Paul has had a lot to do with that attitude. Still, Parker has embraced the challenge to go against him, and there’s a theory for that: The two are as much friends as rivals. At Wake Forest, Paul used to watch film of Parker. He already knew Tim Duncan through their Demon Deacon ties and when Paul arrived to the NBA, Dale Allen, a sports marketing manager for Nike, had Parker meet him for lunch before a preseason game in Oklahoma City.
The two quickly bonded and Parker, at the wise age of 23, became a mentor of sorts for Paul. “Tony said in order to be a real threat you have to have three guys who can really go off,” Paul recalled earlier this season.
The Spurs now wish Parker had kept his advice to himself. The Hornets’ triple threat of Paul, David West and Stojakovic might as well expand to a quartet with the number of lob dunks center Tyson Chandler has thrown down in this series.
“He’s got almost perfect players around him,” Parker said of Paul.
Paul also has worked to turn himself into the perfect point guard. Like Parker, he has improved his jump shot. But while Parker rates among the best finishers in the game, his decision-making and vision can’t compare to that of Paul. Not many do. “It’s unheard of what he does,” Popovich said.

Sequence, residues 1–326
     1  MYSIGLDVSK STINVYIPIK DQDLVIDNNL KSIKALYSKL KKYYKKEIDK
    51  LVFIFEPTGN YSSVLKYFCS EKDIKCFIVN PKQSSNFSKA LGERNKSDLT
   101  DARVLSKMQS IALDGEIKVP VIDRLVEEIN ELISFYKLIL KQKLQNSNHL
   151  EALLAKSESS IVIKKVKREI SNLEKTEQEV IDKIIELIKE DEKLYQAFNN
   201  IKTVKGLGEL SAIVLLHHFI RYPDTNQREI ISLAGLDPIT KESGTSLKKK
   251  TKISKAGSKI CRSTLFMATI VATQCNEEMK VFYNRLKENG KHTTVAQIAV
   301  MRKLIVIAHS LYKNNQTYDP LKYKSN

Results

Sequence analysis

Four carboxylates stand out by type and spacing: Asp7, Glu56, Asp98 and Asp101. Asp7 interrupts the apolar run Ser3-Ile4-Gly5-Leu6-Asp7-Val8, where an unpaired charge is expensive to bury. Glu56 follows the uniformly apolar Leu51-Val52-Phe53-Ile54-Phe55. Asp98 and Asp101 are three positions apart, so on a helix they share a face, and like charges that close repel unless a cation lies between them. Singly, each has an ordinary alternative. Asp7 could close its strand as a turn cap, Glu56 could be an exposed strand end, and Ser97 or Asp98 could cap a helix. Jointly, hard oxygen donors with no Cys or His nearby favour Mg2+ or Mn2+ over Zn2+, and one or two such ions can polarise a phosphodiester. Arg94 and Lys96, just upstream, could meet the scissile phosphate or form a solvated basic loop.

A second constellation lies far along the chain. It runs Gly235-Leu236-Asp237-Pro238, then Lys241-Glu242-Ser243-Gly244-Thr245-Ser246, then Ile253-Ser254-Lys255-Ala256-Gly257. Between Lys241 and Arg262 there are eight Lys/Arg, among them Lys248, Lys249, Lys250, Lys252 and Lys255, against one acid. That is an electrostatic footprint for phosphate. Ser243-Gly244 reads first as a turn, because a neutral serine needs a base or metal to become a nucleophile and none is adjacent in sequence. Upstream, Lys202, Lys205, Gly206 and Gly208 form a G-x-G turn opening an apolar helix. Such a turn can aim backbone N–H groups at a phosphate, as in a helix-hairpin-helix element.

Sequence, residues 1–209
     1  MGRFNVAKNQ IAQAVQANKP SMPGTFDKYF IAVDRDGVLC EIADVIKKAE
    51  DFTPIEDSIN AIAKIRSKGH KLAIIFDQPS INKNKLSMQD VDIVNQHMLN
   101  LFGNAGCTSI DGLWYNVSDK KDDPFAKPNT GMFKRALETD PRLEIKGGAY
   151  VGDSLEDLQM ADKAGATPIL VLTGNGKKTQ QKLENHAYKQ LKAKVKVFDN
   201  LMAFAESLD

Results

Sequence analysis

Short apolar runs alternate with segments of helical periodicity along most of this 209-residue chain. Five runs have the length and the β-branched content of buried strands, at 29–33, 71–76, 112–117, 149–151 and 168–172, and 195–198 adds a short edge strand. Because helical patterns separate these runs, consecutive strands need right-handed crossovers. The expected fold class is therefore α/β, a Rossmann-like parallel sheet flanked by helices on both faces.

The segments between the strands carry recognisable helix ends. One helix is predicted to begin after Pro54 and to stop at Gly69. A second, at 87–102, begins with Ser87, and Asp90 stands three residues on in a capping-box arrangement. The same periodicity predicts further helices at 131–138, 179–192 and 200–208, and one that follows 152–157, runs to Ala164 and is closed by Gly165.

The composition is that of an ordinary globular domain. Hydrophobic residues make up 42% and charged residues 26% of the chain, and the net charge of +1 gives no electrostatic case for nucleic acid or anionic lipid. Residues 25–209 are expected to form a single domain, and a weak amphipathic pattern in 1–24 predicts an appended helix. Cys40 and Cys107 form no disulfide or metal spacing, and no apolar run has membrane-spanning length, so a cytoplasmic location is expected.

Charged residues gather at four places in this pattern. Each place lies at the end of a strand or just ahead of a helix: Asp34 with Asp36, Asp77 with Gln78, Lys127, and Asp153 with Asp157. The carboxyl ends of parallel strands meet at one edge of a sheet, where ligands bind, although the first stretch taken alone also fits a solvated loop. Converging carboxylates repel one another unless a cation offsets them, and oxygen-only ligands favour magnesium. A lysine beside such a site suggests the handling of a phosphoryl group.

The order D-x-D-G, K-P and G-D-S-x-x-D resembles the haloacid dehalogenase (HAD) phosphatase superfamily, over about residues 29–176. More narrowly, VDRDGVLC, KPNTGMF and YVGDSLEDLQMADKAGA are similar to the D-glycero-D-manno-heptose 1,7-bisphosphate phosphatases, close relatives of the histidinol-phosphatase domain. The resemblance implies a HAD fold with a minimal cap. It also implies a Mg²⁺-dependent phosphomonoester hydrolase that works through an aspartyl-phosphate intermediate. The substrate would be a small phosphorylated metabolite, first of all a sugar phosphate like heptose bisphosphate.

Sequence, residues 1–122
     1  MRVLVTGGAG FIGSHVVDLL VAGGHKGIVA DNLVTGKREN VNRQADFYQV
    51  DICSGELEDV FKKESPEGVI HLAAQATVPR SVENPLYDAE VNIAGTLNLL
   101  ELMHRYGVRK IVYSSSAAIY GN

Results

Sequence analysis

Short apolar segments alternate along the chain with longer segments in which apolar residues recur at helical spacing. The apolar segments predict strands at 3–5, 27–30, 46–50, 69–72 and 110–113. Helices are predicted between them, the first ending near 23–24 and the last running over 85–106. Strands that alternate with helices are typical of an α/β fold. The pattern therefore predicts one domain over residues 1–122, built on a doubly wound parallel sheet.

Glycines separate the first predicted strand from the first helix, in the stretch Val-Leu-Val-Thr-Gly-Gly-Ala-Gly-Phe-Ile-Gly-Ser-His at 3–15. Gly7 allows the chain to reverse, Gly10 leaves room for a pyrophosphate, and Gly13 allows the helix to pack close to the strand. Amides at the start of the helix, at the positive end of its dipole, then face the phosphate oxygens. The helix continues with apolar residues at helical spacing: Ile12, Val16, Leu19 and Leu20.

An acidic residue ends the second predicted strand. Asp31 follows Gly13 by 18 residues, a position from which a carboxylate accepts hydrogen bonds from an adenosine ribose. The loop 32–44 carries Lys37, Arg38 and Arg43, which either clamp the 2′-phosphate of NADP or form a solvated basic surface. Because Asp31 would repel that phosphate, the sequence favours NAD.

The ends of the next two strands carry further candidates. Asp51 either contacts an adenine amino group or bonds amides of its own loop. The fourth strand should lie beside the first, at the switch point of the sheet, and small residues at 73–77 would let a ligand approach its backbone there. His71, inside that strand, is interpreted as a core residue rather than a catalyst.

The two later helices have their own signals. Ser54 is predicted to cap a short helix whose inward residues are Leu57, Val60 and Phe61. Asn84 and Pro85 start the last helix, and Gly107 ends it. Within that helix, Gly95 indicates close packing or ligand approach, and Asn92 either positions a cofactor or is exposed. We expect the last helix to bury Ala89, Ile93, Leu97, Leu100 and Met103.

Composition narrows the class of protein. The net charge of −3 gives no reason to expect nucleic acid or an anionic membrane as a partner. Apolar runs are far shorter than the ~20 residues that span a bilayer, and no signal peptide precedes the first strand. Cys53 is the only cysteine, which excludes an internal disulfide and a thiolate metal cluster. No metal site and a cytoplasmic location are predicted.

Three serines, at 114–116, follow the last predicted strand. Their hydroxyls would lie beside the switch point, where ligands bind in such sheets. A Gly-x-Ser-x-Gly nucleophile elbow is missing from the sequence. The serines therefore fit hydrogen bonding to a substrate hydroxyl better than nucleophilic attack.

But on Thursday? Parker gave nearly as good as he got. His back-and-forth battle with Paul was one of the most entertaining matchups in a playoff year that has so far lacked much competitiveness. Late in the third quarter, Parker bolted to the rim for a layup. Paul immediately ran the ball back at him, absorbing a bump from both Parker and Duncan that spun him around backward as he nonchalantly flipped in a shot over his shoulder. Parker and Paul smiled at each other on more than occasion in the game, and when Paul has gotten frustrated with Bowen’s defensive tactics, Parker has laughed at them both.
“Sometimes it’s hard to just sit back and watch them,” Allen said of his two young clients. “I’m going, ‘Be nice, guys. Be nice, guys.”
The two get along even better away from the court. They had dinner together after Game 1 and plan to do the same this weekend. Parker said he’ll pick up the check.
On Sunday there will likely be another game that needs saving. The Spurs will ask Parker to lower his head and attack. In this series, against this point guard, against this friend, he’ll need to find some more magic.